The true breadth and scope of human achievement is mind-boggling. It is. And I do not merely mean the pyramids, the Roman aqueducts, the incredibly complex skyscrapers gracing our cities, the Internet, the complicated factory systems all run by obscure computers and algorithms, the plumbing systems which provide water to a trillion homes, the airplanes and space shuttles – though such large-scale inventions are heart-explodingly impressive – but also the less conspicuous things, like records and sticky tape, even language itself, books, the toothpaste you use every morning, the streets you walk on, the traffic lights.

What I slowly began to realise, with growing awe, was that everything that currently existed in our lives, from the carpets we walk on to public bathrooms to windows, to the spoons and bowls we use for eating, the light-bulbs in our ceilings, was invented and manufactured, somewhere down the line, by another human, just like you or me, who sweated and toiled to bring them into being. Everything man-made object that exists, every man-made system, every chair, every piece of plastic, every screen,  is the product of somebody’s sweat and blood, or the blood and sweat of many.

Initially my reaction to all this was, rightfully, one of awe and deep-seated appreciation; it was because of others, their work, their co-operation, their talent and intelligence, that the Internet existed, that I could sit here at my computer and type, that the city outside my doorstep was what it was and the world beyond it was what it was. It was because of others that we had films, movies, books, hair-ties, pyjamas, paper, cardboard, everything. The sheer complexity of it overwhelmed me; I was bloated with fascination, the world re-made before my eyes.

It took less than two seconds, however, for the despair to set in. A wolf’s jaw, clamping into my flesh. Where did I, little, talentless, anxious and, so far, disgustingly useless little me fit into all of this? Here I was, unable to complete university, jobless, crippled by anxiety and depression, who thought she might have a shot at being a writer, a good one, but had recently realised the full extent of her literary delusions – how was I going to contribute to society? How dare I eat the food others had grown, live in a house others had built, use items others had produced, even take the public bus to attend my free therapy sessions, when I had not paid an hour’s labor for any of it, all of it either funded through government assistance or my mother’s hard labor. While others had changed the tide of humanity itself by sacrificing their own comfort and working long hours, here I was, exploiting everyone who had benefited my life, no matter how small the contribution, by not doing my share of work for all the luxuries like clean running water and a roof over my head that I still currently enjoy.

Perhaps, some voice whispers, and still whispers, inside me, perhaps you deserve to be homeless. Perhaps you’ll be just getting what you should have gotten. Useless, stupid, talentless and mentally crippled people like you are a drain on a society, as much a parasite as the bankers who steal money, legally, straight from the populace; you do not deserve to have food, or a roof over your head, if you do not work for it; you do not deserve to live, when you are so pitiful and pointless, a waste of air, of space.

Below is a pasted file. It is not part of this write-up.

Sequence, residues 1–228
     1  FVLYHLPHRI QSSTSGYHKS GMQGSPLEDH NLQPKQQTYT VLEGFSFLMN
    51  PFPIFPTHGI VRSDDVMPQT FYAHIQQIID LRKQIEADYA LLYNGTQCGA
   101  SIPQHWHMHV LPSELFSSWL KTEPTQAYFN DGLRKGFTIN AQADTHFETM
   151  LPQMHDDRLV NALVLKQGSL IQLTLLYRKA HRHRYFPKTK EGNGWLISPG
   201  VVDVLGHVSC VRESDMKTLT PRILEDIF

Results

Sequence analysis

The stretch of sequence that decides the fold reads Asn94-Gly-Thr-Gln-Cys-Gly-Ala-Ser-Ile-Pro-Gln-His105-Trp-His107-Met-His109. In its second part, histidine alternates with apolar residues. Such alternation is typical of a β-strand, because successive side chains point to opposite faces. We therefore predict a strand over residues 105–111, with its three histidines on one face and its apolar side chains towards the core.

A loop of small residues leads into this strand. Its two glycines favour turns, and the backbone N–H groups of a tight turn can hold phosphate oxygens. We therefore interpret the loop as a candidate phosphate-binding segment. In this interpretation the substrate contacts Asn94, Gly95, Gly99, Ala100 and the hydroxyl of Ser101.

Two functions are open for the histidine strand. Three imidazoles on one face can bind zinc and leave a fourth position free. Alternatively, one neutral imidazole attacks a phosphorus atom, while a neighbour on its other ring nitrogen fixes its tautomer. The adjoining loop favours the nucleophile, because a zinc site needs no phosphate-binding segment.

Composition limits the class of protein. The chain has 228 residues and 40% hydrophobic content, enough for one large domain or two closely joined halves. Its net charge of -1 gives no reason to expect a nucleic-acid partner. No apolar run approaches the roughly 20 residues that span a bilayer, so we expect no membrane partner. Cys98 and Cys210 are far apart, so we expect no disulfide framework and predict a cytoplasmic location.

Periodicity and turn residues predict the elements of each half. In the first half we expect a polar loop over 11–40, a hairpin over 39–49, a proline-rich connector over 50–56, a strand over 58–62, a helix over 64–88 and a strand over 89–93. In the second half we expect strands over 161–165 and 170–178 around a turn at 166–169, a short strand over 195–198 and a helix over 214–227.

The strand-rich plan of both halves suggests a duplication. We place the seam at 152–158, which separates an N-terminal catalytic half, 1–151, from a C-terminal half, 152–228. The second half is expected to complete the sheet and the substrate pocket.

Another time, another post, it is at this point that I would wax lyrical on how I overcame this belief, finally, after much pondering, realising my own, true, intrinsic worth. Unfortunately, there will not be one. Even writing this, I almost felt bad for wasting the time of whoever might read this. Seven billion people and counting exist in the world – seven billion – and here I am, just one drop in a sea, not very important except perhaps to myself and my closest family members, and my friends, most of whom do not live in the same country as I do; what worth could I possibly have, as something so small and useless and insignificant? For that matter, what importance, apart from those who truly contribute to society and benefit the lives of others in tangible ways, does anyone have? Because the conclusion all this thinking ultimately brought me to is that human civilisation, in all its complexity and glory, is tenuous as a spider web strung between two tree trunks, fueled and fed by dreams and fictions, made up of beings who only pretend to know what they are doing and are really mostly scared and worried and lonely.

All it comes down to is two words: I don’t know.

I don’t know if my existence has a purpose or not, or whether I will be able to write and publish the stories that exist in my head. I don’t know whether I am just a leech, stuck to society’s skin, forever doomed to either homelessness or living in government housing and poverty because of my mental issues. I don’t know if I have anything unique to contribute, or if all my perceived creative talents are just a delusion. I don’t know if I can write, or if my writing will ever get better. I don’t know if I have the guts, grits and determination to be a success, because I mope away my time, and am filled with fear and despair for myself, for my family, for everyone, for the world. Other people just seem so wonderfully capable and talented and put together, with houses of their own, jobs, spouses and children, happiness and financial security – and I don’t know what I am doing wrong, what is wrong with me, that makes achieving those same things seem all the more difficult.

I just don’t know. You just wake up and cry and struggle and keep going, I guess. You just keep going.